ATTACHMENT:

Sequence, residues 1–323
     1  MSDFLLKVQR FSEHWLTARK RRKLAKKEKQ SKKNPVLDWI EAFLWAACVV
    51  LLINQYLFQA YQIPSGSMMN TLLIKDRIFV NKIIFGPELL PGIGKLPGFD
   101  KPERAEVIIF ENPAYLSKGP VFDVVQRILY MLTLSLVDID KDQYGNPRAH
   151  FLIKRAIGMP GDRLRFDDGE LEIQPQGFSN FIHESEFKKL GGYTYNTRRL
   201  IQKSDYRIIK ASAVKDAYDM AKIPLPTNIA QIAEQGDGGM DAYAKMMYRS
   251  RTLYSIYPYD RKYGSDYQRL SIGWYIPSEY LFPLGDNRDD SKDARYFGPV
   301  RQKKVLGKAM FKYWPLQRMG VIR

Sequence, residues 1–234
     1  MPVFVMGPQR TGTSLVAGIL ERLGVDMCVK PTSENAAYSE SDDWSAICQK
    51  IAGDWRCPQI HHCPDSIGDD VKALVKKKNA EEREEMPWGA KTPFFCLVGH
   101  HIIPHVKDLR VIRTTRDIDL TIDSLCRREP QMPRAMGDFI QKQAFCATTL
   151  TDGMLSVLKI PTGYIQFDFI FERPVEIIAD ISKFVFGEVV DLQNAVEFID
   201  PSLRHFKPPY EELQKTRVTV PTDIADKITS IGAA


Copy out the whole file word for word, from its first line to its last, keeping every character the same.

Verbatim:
Sequence, residues 1–323
     1  MSDFLLKVQR FSEHWLTARK RRKLAKKEKQ SKKNPVLDWI EAFLWAACVV
    51  LLINQYLFQA YQIPSGSMMN TLLIKDRIFV NKIIFGPELL PGIGKLPGFD
   101  KPERAEVIIF ENPAYLSKGP VFDVVQRILY MLTLSLVDID KDQYGNPRAH
   151  FLIKRAIGMP GDRLRFDDGE LEIQPQGFSN FIHESEFKKL GGYTYNTRRL
   201  IQKSDYRIIK ASAVKDAYDM AKIPLPTNIA QIAEQGDGGM DAYAKMMYRS
   251  RTLYSIYPYD RKYGSDYQRL SIGWYIPSEY LFPLGDNRDD SKDARYFGPV
   301  RQKKVLGKAM FKYWPLQRMG VIR

Sequence, residues 1–234
     1  MPVFVMGPQR TGTSLVAGIL ERLGVDMCVK PTSENAAYSE SDDWSAICQK
    51  IAGDWRCPQI HHCPDSIGDD VKALVKKKNA EEREEMPWGA KTPFFCLVGH
   101  HIIPHVKDLR VIRTTRDIDL TIDSLCRREP QMPRAMGDFI QKQAFCATTL
   151  TDGMLSVLKI PTGYIQFDFI FERPVEIIAD ISKFVFGEVV DLQNAVEFID
   201  PSLRHFKPPY EELQKTRVTV PTDIADKITS IGAA